The Art of Properly Using your Turnout and Not Over Rotating

The issue of improperly using your turnout and over-rotating in the feet is a worldwide issue

Written By Julie Friedrich, Associate Director for College and Career Programs, Francisco Gella Dance Works

As a teacher, I see this on a daily basis. As someone who has sustained a major knee injury and had major reconstructive surgery as a result, I am adamant that students use turnout from the proper placement and do not over rotate.  

I am grateful that I had a teacher who demanded using turnout from the proper place. This emphasis on proper alignment in the body is crucial to being an injury-free dancer. I remained injury-free until I was 17 years old – while dancing full time, all day long. In today’s environment, I am seeing too many young dancers with injuries that could easily be prevented by maintaining proper alignment and not over-stressing the body by forcing it into positions that are not suited to their anatomy.

Many young dancers do not understand that this early wear and tear on the joints as a result of forcing themselves into positions that their bodies are not meant to be in will have lifetime impact and make them more susceptible to injuries. This is a very black and white issue. Forcing turnout causes injuries. Period.

Myth about turnout: If your feet are turned out 180 degrees, that means you’re using your turnout.

Truth: Turning out requires rotating your legs from the inside of the hip all the way through to your feet.

To maximize flexibility in the hips, most dancers need to begin training early while their bones are still growing. The best age range for building turnout-related flexibility is between 8 and 12 years old. Proper stretching can also improve rotation slightly after the age of 12.

But all the flexibility in the world will mean nothing if you don’t have the strength to control it. Turning out correctly uses the lower abdominal and lower back muscles, the glutes and the thighs. It also requires proper placement. In order to get the most turnout, you have to pull up to create room between the bones. In other words, if you sink into your hips and legs, tuck under and grip your turnout, you won’t be able to maintain your rotation as you move from one position to the next.

I have also observed that the dancers who force their turnout at the barre are never able to maintain it in the center. You should always be working within your natural and proper turnout so that it can be maintained at all times and even more so in the transitional steps of your dancing.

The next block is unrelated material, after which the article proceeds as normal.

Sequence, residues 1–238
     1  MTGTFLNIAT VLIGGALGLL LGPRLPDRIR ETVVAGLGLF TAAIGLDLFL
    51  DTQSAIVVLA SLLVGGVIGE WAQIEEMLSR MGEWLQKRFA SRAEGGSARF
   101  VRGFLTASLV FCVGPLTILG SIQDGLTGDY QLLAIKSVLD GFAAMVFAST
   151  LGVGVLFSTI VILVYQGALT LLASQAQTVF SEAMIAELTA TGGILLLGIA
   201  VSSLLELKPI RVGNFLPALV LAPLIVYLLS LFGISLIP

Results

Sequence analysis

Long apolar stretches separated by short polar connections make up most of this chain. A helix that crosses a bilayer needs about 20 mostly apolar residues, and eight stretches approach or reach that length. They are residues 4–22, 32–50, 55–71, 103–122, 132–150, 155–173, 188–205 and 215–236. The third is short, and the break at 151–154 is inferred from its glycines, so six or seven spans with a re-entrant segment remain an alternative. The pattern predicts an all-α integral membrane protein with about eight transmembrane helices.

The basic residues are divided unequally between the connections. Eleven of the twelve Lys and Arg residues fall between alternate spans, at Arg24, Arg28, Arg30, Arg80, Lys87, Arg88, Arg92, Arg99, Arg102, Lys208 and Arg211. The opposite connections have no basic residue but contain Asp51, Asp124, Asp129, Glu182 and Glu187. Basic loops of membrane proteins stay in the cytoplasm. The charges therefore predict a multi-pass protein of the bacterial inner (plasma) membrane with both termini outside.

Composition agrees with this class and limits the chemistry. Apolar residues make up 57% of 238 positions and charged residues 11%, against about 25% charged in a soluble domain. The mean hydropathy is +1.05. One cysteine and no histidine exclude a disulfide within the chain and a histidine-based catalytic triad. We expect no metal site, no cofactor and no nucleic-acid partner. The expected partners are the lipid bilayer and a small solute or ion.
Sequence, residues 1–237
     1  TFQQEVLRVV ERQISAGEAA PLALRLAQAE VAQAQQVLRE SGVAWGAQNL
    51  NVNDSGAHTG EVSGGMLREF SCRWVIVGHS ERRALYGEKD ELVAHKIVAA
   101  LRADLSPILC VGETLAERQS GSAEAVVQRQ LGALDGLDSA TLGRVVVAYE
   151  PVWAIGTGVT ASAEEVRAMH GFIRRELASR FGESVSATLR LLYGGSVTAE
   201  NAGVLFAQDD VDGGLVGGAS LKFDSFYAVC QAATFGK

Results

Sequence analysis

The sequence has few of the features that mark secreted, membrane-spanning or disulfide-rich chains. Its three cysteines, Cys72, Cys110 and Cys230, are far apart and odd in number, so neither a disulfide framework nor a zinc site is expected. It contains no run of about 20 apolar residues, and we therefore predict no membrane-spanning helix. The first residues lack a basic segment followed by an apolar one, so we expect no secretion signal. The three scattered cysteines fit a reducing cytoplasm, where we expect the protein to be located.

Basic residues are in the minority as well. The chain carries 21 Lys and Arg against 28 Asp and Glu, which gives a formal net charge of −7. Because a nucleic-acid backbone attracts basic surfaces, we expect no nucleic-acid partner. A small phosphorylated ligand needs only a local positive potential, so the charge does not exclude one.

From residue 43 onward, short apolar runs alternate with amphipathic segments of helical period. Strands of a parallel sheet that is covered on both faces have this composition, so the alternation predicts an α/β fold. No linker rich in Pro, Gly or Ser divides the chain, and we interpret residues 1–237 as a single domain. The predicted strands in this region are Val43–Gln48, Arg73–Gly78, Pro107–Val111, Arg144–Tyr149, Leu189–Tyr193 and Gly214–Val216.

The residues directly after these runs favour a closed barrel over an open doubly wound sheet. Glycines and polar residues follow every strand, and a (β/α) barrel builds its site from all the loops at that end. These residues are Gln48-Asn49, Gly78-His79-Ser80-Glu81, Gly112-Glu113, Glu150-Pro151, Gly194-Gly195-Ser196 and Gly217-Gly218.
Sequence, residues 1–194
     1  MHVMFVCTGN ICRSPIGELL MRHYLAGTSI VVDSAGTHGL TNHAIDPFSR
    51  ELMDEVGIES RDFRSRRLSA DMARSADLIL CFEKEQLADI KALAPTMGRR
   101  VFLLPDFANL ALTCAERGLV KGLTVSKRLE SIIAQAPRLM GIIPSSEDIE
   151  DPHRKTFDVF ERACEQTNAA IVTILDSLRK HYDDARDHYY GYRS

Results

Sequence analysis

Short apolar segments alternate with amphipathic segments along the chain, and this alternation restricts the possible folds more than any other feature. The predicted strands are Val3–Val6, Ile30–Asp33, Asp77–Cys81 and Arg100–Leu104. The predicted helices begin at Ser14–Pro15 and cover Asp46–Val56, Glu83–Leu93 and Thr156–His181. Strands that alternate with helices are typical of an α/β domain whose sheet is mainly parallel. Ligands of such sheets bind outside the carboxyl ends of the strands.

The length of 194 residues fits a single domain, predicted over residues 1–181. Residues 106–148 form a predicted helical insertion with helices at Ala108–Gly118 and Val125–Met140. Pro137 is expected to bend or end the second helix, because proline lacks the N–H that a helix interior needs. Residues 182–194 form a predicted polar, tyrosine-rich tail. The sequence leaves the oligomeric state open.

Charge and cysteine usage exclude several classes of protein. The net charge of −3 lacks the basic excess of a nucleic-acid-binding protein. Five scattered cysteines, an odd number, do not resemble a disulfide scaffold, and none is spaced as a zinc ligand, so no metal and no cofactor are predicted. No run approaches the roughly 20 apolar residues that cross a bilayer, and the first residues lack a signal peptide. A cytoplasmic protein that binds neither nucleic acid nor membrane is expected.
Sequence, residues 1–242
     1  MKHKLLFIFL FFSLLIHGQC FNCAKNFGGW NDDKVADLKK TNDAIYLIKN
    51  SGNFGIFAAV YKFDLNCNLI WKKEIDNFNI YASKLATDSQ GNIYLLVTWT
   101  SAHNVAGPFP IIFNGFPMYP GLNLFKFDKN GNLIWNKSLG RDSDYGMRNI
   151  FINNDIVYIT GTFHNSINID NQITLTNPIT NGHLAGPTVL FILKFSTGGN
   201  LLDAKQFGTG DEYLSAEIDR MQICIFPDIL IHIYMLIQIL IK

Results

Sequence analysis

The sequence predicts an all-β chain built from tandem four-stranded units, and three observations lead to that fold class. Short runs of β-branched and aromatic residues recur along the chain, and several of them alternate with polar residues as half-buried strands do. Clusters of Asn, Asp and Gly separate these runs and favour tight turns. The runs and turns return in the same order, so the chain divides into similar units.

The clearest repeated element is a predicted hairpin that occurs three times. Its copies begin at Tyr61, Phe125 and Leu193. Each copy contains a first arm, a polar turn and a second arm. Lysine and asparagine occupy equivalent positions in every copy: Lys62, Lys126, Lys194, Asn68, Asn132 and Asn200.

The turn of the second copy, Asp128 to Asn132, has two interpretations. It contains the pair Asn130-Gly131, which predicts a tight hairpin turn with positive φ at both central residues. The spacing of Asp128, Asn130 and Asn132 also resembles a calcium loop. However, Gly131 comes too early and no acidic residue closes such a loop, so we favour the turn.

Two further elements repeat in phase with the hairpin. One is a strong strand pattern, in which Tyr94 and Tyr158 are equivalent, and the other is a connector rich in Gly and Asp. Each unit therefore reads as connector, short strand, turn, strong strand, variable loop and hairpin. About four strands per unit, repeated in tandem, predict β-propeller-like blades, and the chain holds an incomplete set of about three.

The detrimental effects of over rotating and misusing your turnout

Forcing your turnout can affect numerous parts of the body, not just the knees. When the knees, ankles, and feet are wrenched into a position that’s beyond a dancer’s natural limits, extra pressure is placed on the bones, tendons, ligaments, and muscles in order to hold them in that position. This affects the entire alignment, causing the dancer to grip and compensate. Dr. John Brummer, a podiatric surgeon who consults with the School at Steps in New York City, says that forcing turnout can irritate and inflame the ligaments around the ankle joint. “When you push your ankle bones against those ligaments, you put undue pressure on them, causing a strain injury,” says Brummer.

Forcing turnout from the ankle also causes the tibia (the large shinbone), to twist.  This twisting irritates the tibialis posterior muscle, which attaches to the tibia, and can result in shin splints.

All of the unnatural twisting, weakens the ligaments that are responsible for the stability of the ankle and the knee and disturbs the natural line of the Achilles tendon, causing tendonitis.  Tendonitis can also develop in the patellar tendon which attaches the quadricep muscles of the thigh to the tibia.

In conclusion, proper alignment, use of turnout stemming from the hips, and the use of the lower abdominals and back muscles along with the thighs and glutes, will allow for you to engage your turnout from the proper place. If you want to avoid unnecessary injuries and have a long career, remember this: forcing turnout causes injuries.